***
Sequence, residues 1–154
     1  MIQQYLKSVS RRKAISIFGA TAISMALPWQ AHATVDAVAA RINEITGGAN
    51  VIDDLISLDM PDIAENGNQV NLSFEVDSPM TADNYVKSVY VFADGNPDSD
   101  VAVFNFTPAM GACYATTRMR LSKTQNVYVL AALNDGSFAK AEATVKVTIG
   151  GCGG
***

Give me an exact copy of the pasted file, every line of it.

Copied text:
Sequence, residues 1–154
     1  MIQQYLKSVS RRKAISIFGA TAISMALPWQ AHATVDAVAA RINEITGGAN
    51  VIDDLISLDM PDIAENGNQV NLSFEVDSPM TADNYVKSVY VFADGNPDSD
   101  VAVFNFTPAM GACYATTRMR LSKTQNVYVL AALNDGSFAK AEATVKVTIG
   151  GCGG